Q&A February

A monthly Digest feature celebrating 20 years of ANAT Synapse, where we ask an ANAT Synapse alumnus about their place within the art + science + technology network.

Keith Armstrong @ AWC Scotia Sanctuary, NSW, 2012. Photo Courtesy of Australian Wildlife Conservancy.

Keith Armstrong

Keith Armstrong (b.1965) is an experimental artist profoundly motivated by issues of social and ecological justice. His engaged, participative practices provoke audiences to comprehend, envisage, and imagine collective pathways towards sustainable futures. His collaborative, experimental practices emphasise, site-specific electronic arts, networked interactive installations, art-science collaborations and socially and ecologically engaged practices.

Tell us about your ANAT Synapse residency and where the research led you?
My 2012 ANAT Synapse residency with the AWC (Australian Wildlife Conservancy) initiated what has since developed into a longstanding passion for Art-Eco-Science field collaborations and the artworks that they can foster. The AWC residency was organised around six key trips/expeditions (between a week to a month each) to some of their most remote sanctuaries – with the focus of the residency being reintroduction (of lost ecological species) and the methods and approaches of scientific surveying used to assess the health of each site. Whilst the residency was particularly process-based, it did later eventuate in a major media work for the Mildura Triennial in 2013.

Field Survey, The Re-introduction Project, ANAT Synapse residency. Photo Keith Armstrong, courtesy of AWC.

I was well aware at that time that Australia has the world’s worst mammal extinction record. Science-based conservation groups like the AWC offer leadership in private/public conservation practices and they have pioneered largescale translocation and reintroductions of rare animals back into areas they formerly occupied. The AWC’s mission is to effectively conserve Australian native animal species and the types of habitats in which they live. They own, manage, or influence more land for conservation than any other non-government conservation organisation in Australia, with sanctuaries and partnership sites located in iconic regions across Indigenous lands in the Kimberley, Central Australia, Cape York, Kati Thanda-Lake Eyre, Kangaroo Island, and the southwestern forests. AWC scientists undertake regular fauna surveys across all of the properties to keep an inventory of species to assess progress and encourage more support. Whilst AWC are not a First Nations led organisation, they conduct their on-ground conservation and management work in close collaboration with local traditional owners, sharing knowledges to co-develop ‘right-way science’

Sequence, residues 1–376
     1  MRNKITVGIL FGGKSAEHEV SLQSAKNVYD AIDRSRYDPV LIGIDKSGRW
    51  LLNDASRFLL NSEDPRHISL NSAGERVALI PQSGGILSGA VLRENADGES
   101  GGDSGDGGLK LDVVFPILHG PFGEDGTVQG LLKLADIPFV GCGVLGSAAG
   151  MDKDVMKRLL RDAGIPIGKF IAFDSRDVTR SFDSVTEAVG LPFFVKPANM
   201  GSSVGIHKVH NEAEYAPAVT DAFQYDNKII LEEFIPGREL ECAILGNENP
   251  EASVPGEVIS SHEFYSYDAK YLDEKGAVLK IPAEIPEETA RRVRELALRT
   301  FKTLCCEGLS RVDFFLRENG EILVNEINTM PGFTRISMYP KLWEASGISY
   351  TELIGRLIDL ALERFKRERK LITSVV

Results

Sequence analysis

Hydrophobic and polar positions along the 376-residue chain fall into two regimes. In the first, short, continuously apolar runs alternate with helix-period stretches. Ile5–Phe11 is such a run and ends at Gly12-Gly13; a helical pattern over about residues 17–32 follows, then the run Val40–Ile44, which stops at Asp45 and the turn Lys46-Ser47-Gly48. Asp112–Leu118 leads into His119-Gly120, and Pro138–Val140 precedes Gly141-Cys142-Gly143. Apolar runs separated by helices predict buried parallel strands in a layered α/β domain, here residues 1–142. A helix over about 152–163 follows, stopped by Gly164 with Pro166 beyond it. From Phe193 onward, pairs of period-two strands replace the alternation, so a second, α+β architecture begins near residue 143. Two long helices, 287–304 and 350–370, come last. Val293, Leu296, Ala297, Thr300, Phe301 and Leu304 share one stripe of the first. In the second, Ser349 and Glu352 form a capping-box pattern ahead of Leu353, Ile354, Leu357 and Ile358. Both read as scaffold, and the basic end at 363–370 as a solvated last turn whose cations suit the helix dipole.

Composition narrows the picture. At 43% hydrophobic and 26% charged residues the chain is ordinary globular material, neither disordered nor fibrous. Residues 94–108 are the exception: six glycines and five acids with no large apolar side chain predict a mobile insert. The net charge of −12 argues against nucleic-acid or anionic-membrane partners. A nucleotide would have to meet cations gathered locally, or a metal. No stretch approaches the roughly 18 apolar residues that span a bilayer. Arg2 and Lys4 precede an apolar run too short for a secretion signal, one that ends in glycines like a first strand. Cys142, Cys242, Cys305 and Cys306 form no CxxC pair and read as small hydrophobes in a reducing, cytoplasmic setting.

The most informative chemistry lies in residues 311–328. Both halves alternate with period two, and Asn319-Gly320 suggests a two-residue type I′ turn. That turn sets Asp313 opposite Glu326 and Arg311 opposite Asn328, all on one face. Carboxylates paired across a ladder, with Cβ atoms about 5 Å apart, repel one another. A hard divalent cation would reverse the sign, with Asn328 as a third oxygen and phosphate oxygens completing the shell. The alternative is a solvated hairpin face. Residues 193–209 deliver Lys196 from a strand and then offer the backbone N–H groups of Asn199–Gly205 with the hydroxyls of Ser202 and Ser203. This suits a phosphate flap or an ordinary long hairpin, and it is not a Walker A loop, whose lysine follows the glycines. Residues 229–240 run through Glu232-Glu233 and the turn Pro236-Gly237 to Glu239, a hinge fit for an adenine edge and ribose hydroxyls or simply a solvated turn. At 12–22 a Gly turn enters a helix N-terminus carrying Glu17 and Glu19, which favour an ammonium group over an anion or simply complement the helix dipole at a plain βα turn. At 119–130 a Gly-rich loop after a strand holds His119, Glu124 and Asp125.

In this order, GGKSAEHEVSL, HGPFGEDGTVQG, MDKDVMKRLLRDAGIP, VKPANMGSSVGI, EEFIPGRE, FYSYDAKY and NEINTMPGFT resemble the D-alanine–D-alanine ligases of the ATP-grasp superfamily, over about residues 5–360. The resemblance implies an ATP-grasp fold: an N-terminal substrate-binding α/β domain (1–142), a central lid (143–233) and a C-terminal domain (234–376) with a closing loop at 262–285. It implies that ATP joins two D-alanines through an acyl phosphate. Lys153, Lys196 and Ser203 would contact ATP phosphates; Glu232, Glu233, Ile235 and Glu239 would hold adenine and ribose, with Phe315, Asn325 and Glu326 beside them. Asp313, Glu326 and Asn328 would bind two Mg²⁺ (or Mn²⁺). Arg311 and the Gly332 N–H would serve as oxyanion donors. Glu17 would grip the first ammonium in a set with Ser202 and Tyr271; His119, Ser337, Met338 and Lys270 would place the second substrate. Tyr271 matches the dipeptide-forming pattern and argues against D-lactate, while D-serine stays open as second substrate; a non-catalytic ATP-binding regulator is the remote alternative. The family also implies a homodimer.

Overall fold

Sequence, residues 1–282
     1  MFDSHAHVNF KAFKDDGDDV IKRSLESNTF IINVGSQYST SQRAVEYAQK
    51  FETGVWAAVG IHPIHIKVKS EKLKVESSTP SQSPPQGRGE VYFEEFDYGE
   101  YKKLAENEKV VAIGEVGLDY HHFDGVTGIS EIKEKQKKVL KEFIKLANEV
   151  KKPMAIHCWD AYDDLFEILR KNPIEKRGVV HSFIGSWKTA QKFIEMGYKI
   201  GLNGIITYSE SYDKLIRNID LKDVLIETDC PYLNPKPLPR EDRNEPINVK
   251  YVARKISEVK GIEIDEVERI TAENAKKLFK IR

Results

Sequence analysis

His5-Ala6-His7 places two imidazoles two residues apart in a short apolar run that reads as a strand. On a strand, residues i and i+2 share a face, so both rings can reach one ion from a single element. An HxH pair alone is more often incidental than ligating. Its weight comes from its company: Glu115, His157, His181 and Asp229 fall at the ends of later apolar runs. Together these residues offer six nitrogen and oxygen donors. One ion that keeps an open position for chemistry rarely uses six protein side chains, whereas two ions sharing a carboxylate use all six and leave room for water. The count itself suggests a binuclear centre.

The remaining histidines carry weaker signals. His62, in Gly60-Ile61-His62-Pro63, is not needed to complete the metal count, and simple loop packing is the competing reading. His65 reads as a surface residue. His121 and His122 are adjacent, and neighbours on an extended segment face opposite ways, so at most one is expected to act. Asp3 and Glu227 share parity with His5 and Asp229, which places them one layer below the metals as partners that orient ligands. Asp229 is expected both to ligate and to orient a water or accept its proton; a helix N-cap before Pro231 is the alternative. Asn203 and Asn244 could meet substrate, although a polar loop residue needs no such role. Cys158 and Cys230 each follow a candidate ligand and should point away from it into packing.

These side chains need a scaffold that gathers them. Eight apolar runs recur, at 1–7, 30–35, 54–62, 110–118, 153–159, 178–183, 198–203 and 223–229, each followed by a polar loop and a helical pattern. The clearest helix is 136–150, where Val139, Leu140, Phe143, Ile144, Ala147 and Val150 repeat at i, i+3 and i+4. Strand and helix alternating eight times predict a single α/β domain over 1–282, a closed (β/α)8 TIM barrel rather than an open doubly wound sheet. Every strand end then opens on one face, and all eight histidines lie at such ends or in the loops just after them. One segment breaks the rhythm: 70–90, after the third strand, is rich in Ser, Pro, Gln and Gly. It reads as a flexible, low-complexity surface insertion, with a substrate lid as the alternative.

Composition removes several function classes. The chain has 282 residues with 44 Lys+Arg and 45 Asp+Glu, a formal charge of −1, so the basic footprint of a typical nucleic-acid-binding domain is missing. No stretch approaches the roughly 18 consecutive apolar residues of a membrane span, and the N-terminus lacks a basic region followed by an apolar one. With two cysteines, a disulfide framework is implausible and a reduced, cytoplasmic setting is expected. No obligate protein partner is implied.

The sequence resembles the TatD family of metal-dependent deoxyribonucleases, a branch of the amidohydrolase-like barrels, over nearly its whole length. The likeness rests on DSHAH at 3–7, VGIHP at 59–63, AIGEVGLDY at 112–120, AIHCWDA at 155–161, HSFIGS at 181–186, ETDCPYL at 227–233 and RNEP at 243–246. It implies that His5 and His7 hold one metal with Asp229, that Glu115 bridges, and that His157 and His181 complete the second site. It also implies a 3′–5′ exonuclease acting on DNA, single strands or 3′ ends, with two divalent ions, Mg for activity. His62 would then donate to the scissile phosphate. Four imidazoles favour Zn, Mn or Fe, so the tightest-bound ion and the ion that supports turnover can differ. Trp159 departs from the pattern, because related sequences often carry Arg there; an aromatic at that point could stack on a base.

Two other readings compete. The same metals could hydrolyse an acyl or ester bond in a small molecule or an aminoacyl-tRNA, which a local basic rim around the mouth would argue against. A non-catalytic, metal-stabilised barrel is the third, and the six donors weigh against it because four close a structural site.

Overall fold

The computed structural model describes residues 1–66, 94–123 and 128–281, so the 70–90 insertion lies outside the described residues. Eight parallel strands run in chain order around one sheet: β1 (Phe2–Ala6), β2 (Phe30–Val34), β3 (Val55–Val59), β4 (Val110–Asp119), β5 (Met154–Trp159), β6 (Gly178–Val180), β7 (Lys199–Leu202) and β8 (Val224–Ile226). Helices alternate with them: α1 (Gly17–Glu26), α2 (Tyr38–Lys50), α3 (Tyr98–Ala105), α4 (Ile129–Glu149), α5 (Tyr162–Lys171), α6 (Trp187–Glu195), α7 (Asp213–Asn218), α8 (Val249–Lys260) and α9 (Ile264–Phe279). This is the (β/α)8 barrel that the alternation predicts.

For each of the 6 expeditions I situated myself both as an artist/observer/practitioner and also as a volunteer field research assistant. This involved all sorts of animal locating, trapping and handling, data logging – often working through many a long night given the nocturnal nature of most of our continent’s unique mammals.  Carefully handling and engaging with amazing creatures I barely knew such as bilbies, woylies or boodies was quite an experience! This decision to ‘get my hands dirty’ (often quite dirty!) meant that the scientists immediately accepted me amongst their tightly knitted survey/science teams and slowly got to comprehend what I was ‘doing’ – and therefore how they might also engage with my research. Through subsequent conversation and on ground activities they soon began to offer me invaluable support and an unparalleled opportunity to learn how ecological scientists see and sense the world, and the contexts within which they make their decisions.

During and in between these surveys I also conducted a broad range of creative experiments at each site, normally in interaction with the evolving science processes – which led for example for me to conduct playful surveys of my own with the science teams as we worked. Many of these speculative materials from the Re-introduction Project formed the basis of an interactive installation called Pitfall presented after the residency had been completed as part of the 2013 Mildura Triennial (relatively close to the AWC HQ at Scotia Sanctuary in Western NSW). The work went on to inform the work Nightfall which was shown in the ISEA 2013, Synapse A Selection survey.

As an interdisciplinary artist, who and what are your biggest influences?
I’d say my biggest influences are the ecological scientists that I’ve been privileged to work with – for example amazing scientists who worked at the AWC such as Dr. Matt Hayward, Dr Leah Kemp, Felicity L’Hotellier, Cameron Radford and Joe Stephens.  It can’t be ignored that much science is, or has been, heavily complicit in the ecocidal unfolding of Capitalism; and even conservation scientists often struggle to find funding for work that is of net positive for the planet So the reason I’ve focussed my art-science collaborations with ecological scientists like those at the AWC (i.e. conservation/re-wilding/regeneration) is because I’ve found that our political and cultural intentions align well. And science practices alone can’t assure the future of any ecosystem. Many disciplines need to get involved in that struggle – which includes to shifting hearts and minds. To tackle these wicked problems, I strongly believe that we need to imagine and build responsive ‘shared communities of care’ built on trust and common purpose that span the arts, sciences and other disciplines – engaging diverse communities and cultures (especially First Nations).  As artists we also have the opportunity to focus our creative interventions in ways that may be too ‘difficult’, ‘charged’, or ‘sensitive’ for the scientists to take on themselves – and developing such works can therefore become important tactics for engaging cultural and political challenges at the intersection of life, science, and art.